Be­hav­ioral health groups eye merger

Youth Bridge, Mis­souri com­pany an­nounce plan

Northwest Arkansas Democrat-Gazette - - Northwest Arkansas - DOUG THOMP­SON

FAYET­TEVILLE — Youth Bridge, a be­hav­ioral health non­profit group based in Fayet­teville, and Bur­rell Be­hav­ioral Health of western Mis­souri have an­nounced their in­ten­tion to merge.

The com­pa­nies should have a com­pleted agree­ment by late April af­ter fi­nan­cial due dili­gence mea­sures are com­plete, the com­pa­nies an­nounced in a joint state­ment Thurs­day. Due dili­gence mea­sures are fi­nan­cial dis­clo­sures each party in a merger must give each other by law, in­clud­ing a list of as­sets and li­a­bil­i­ties.

Youth Bridge’s rev­enue for fis­cal 2016, which ended June 30, 2017, was $9.5 mil­lion and its net in­come was $338,228, ac­cord­ing to its non­profit tax form filed with IRS. Bur­rell Be­hav­ioral Health is a for-profit cor­po­ra­tion and is pri­vately held.

Di­rec­tors of each of the com­pa­nies noted mu­tual ben­e­fits of the merger for their com­pa­nies and for the wider trends in be­hav­ioral health as rea­sons for the move.

“Through­out our field, we’ve seen re­duced fund­ing and changes in man­aged care,” Dar­ryl Rhoda, pres­i­dent of Youth Bridge, said Thurs­day. “The sit­u­a­tion is made worse by wage in­fla­tion, par­tic­u­larly in our re­gion, and the ex­plo­sion in the pop­u­la­tion need­ing our ser­vices.”

C.J. Davis, pres­i­dent of Bur­rell, echoed Rhoda on Fri­day.

“You can have all the fund­ing in the world, and you still wouldn’t have enough be­hav­ioral health work­ers,” he said.

Go­ing for economies of scale is the best op­tion, he

said. For in­stance, Bur­rell has 120 psy­chi­a­trists who can ap­ply for dual cer­ti­fi­ca­tion to prac­tice in Arkansas if the merger goes through, he said.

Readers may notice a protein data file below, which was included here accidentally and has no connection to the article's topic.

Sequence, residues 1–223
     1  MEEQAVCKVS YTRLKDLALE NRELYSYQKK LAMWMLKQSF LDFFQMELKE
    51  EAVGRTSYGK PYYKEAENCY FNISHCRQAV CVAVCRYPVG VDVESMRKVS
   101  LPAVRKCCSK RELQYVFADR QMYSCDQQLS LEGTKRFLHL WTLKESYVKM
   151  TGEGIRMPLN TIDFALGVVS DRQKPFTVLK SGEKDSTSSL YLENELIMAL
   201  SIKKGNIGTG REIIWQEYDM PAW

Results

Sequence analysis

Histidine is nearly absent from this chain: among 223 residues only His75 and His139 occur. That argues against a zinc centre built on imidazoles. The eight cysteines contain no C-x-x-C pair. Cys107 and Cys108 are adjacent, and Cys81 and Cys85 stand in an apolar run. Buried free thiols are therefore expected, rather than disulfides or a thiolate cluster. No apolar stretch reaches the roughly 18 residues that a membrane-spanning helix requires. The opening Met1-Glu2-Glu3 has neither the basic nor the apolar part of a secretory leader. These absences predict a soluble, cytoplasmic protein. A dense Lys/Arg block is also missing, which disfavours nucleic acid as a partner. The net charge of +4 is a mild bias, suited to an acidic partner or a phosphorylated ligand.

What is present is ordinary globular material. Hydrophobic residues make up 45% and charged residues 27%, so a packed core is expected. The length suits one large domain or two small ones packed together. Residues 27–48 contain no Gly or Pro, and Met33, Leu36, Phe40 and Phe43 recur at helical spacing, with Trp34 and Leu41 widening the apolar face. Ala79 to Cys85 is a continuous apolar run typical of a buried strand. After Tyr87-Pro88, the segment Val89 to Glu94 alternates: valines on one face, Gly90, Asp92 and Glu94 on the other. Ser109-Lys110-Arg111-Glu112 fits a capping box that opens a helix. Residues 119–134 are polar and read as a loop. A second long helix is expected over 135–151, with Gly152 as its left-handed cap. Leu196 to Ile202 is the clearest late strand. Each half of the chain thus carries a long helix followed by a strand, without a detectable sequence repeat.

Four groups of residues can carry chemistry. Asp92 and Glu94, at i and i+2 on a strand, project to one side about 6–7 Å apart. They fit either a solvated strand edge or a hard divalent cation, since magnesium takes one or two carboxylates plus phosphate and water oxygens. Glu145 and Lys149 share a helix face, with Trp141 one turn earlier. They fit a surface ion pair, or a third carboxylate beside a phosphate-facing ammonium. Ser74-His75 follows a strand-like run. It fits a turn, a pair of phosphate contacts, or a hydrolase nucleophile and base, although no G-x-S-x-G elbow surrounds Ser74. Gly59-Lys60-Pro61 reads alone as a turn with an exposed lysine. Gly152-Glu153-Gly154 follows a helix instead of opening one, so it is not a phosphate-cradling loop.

Youth Bridge has wide ex­pe­ri­ence in pro­vid­ing coun­sel­ing and other ser­vices in schools, an area where Bur­rell is ex­pand­ing rapidly, both pres­i­dents said. Youth Bridge is pri­mar­ily, though not ex­clu­sively, fo­cused on youth while Bur­rell has more ex­pe­ri­ence in adult ser­vices, ac­cord­ing to Rhoda. The ser­vice ar­eas of the two com­pa­nies also ad­join.

“We have some clients in Mis­souri who can be bet­ter served by go­ing to Youth Bridge lo­ca­tions in Arkansas,” Davis said. “It will be eas­ier for them.”

Youth Bridge took over many clients who used to go to Pre­ferred Fam­ily Health­care fa­cil­i­ties. Pre­ferred Fam­ily lost its li­cense to prac­tice in Arkansas af­ter a bribery and Med­i­caid fraud scan­dal came to light last year.

The merger would make it eas­ier to han­dle the in­crease in Youth Bridge’s caseload, Rhoda said. Bur­rell is based in Spring­field, Mo., and so is Pre­ferred Fam­ily, but the two com­pa­nies aren’t af­fil­i­ated, ac­cord­ing to both Rhoda and Davis.

Youth Bridge and Bur­rell serve about 45,000 clients be­tween them, the com­pa­nies’ state­ment said.

Bur­rell was founded in 1977 and op­er­ates in 17 Mis­souri coun­ties. Youth Bridge was es­tab­lished in 1963 in Winslow and pro­vides ser­vices to Bax­ter, Ben­ton, Boone, Car­roll, Marion, Madi­son, New­ton and Wash­ing­ton coun­ties.

File Photo/NWA Demo­crat-Gazette/ANDY SHUPE

Nancy Hairston (right), di­rec­tor of devel­op­ment for Youth Bridge, and Karen Gray, vice pres­i­dent for mar­ket­ing for Ar­vest, pack clothes to be do­nated to Youth Bridge in May 2014, at the bank on the Fayet­teville square. Youth Bridge, a be­hav­ioral health non­profit group based in Fayet­teville, and Bur­rell Be­hav­ioral Health of western Mis­souri have an­nounced an in­ten­tion to merge.

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